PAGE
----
Years ago one of my clients experimented with raw milk and dairy in her diet. Her C reactive protein levels, a marker of inflammation, dropped from 5.5 to 0.5. That got my attention. In 2o1o the USDA updated the Dietary Guidelines for Americans. Frankly, I thought the The Weston A. Price Foundation (WAPF) offered a better guide. I finally took the opportunity to learn more about the teachings of WAPF at their 2014 annual conference in Indianapolis.
Everything I ate at the WAPF Conference showcased much of what I am used to serving at home: grass fed meats, wild caught fish, pastured chicken and eggs. Organic produce, raw milk cheese and milk products were served alongside a wide array of fermented foods. For once I celebrated eating all my meals catered at a hotel.
For the past five days I lived, breathed and ate the Weston A. Price Foundation food and philosophy. Unlike any other conference I have attended, WAPF brings in their own food, much donated by members and exhibitors. Most meals were included in the conference fees, and the meals that weren’t were prepared as a fundraising vehicle for a like minded organization, The Farm to Consumer Legal Defense Fund.
WHOLE FOODS, HEALTHY FATS
The meals at this conference typically offered abundant protein and plentiful healthy fats, generous servings of vegetables and modest servings of fruit. Grains were soaked, sometimes fermented, with a fair share baked into sour dough loaves. Desserts were built on a foundation of coconut, cream cheese, whipped cream, fruits, and honey– all in line with WAPF guidelines.
Every meal offered an array of fermented condiments including sauerkraut and other fermented vegetables. Attendees quenched their thirst with hibiscus tea and kambucha. A few dinners offered a no host bar offering an array of other fermented beverages. I can’t help but reflect on my previous blog highlighting the ADA microbiome conference. I was grateful for a wonderful balance of protein and produce, but food at the WAPF conference topped that and then some.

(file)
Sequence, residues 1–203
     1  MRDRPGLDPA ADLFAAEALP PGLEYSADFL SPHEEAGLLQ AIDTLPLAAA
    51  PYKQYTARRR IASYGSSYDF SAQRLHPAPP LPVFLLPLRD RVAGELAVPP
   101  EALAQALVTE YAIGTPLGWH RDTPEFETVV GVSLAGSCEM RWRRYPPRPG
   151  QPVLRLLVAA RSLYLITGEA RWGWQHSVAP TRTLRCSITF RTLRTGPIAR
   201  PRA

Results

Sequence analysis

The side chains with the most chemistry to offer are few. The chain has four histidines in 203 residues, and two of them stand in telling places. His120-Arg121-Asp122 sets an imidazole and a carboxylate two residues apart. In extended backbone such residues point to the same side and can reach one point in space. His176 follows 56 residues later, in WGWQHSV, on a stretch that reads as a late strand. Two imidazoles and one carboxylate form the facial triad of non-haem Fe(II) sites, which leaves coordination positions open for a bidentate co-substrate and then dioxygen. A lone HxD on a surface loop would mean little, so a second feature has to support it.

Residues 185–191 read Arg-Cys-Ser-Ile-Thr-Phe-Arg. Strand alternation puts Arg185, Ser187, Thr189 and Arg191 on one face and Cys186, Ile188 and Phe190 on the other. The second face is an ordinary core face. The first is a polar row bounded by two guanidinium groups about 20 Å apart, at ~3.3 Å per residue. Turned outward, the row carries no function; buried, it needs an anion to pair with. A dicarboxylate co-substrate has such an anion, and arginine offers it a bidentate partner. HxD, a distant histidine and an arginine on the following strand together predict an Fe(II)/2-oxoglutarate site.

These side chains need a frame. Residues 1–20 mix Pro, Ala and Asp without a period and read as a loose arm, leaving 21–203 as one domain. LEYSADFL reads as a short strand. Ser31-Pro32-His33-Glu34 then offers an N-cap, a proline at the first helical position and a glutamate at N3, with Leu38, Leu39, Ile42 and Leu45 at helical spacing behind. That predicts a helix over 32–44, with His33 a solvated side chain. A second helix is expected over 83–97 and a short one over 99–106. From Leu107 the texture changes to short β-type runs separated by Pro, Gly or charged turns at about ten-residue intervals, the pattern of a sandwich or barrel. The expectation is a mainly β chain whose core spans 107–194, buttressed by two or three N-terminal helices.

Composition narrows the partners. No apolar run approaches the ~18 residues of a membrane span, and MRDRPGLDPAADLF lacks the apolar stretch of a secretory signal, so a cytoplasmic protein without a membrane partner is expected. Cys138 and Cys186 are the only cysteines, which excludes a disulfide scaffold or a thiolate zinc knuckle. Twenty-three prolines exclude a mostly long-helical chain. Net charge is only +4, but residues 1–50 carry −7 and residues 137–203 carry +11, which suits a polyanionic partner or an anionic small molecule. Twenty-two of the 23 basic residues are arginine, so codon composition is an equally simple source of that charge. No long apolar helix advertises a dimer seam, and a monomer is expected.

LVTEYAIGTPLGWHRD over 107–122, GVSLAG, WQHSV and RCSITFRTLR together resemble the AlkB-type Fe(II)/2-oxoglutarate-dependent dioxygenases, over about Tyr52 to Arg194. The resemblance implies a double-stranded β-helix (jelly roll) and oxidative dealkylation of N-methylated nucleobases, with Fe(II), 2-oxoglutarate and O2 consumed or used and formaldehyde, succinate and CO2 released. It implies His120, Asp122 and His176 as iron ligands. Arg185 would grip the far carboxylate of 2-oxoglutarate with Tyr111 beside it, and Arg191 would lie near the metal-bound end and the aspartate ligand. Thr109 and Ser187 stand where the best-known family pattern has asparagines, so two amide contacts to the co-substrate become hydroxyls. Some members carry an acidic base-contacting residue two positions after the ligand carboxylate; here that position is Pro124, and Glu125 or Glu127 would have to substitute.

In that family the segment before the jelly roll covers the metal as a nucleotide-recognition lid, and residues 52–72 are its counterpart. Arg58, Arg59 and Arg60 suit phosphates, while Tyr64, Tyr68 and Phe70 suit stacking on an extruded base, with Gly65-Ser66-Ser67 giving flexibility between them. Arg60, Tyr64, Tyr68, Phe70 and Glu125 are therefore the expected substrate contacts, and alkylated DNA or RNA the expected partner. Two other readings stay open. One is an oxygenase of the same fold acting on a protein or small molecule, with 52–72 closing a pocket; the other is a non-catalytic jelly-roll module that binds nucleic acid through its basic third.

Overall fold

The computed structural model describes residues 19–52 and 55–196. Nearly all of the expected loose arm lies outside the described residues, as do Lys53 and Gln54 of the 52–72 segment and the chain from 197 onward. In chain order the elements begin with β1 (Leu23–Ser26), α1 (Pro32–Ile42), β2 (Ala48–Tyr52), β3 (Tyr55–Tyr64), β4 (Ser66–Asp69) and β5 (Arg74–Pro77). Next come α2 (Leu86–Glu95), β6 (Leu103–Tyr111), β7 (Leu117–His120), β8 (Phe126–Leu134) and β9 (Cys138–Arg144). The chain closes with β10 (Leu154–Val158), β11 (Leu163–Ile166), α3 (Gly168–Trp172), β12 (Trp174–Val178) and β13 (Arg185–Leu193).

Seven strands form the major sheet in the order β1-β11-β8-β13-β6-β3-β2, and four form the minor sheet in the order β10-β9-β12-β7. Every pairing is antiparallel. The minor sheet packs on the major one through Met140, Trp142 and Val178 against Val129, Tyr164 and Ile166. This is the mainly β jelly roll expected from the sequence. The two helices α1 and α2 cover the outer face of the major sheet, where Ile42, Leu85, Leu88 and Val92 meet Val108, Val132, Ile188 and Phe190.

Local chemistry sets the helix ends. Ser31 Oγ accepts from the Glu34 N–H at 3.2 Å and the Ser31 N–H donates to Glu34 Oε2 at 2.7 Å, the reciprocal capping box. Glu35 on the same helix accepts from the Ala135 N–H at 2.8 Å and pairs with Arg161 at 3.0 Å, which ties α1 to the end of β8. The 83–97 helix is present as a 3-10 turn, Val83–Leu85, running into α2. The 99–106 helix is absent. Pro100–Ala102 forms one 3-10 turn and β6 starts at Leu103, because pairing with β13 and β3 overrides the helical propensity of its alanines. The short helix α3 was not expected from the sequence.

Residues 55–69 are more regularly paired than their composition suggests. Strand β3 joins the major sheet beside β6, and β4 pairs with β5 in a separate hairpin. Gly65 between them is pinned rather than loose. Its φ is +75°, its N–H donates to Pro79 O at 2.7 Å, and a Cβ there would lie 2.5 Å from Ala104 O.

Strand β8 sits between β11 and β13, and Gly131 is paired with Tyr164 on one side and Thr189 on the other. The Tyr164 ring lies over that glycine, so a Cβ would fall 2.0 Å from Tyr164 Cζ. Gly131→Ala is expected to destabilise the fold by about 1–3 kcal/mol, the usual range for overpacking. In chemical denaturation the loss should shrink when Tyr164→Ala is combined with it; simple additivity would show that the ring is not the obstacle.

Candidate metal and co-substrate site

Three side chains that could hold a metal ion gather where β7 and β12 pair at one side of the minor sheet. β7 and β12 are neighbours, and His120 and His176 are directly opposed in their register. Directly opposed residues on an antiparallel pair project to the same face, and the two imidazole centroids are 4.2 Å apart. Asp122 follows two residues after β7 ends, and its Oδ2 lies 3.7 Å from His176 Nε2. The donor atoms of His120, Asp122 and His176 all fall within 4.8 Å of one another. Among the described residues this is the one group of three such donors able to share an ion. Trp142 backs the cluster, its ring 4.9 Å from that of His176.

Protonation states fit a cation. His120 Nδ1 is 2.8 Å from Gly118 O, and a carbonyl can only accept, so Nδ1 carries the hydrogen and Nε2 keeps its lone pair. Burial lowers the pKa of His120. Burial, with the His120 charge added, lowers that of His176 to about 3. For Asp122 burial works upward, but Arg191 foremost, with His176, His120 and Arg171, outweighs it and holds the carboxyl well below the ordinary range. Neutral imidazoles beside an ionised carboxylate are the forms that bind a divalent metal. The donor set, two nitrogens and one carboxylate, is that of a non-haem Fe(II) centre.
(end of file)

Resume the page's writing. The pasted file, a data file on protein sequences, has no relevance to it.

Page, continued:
I pay a great deal of attention to the quality of food that I prepare in my kitchen. The WAPF community mirrors and usually trumps that dedication. Throughout the conference, I appreciated that buffets and even the plated meals offered enough choices for me to choose what I needed. I found myself enchanted with the ease of mealtime, and the interesting conversations at communal tables.
Everyone had a story. I soon became aware that many attendees found their way to WAPF because their health needs were not adequately addressed by Western Medicine. My heart went out to many as they shared their stories of frustration with a system seemingly more preoccupied with treating symptoms that getting to the root cause of a problem.
TREATING SYMPTOMS AND BEYOND
I share their frustration. Over 20 years ago I realized that the high carbohydrate, low fat diet of the day completely failed me. I learned I needed more protein and fat in my diet and that I didn’t tolerate the ubiquitous refined grains and sugars offered in the standard American diet. Years after that transition I came to appreciate how my food is grown and how animals are fed.
At the WAPF conference I found many kindred spirits from a most diverse mix of people. Professionals mixed with interested lay persons. Healers of many different persuasions offered their ideas and therapies. I decided early on that I would maintain an open mind and listen as much as possible.
WHAT I LEARNED
I mostly learned that people desperately want to feel better. Many of the WAPF followers spend a great deal of time preparing their own food and sourcing approved products. Most people don’t eat out, as the foundation of their diet rests on generous servings of bone broth, fermented foods, soaked nuts and sprouted grains. A new app and website aim to make that easier for everyone.
Practical workshops included how to make sourdough breads, raw milk cheese, and fermenting your own vegetables. Other workshops discussed microbial diversity in the soil, and organic gardening, and food rights. Some workshops delved into healing through movement. A number of the lectures introduced and reviewed the basic tenants of the WAPF lifestyle.
Core classes investigated controversial issues in health and nutrition, with topics ranging the entire alphabet from “The Acid-Alkaline Myth” to “Vegetarian Myths.” Several speakers explored “The Health Secrets of Indigenous People” and others explored the impact of pesticides and other toxic agents in our food supply. I appreciated the message in most of these sessions: high carbohydrate and vegetarian diets do not offer everyone good health and well being. Our food supply is highly adulterated and we need to take matters into our own hands. I tend to agree.
EDGES OF EVANGELISM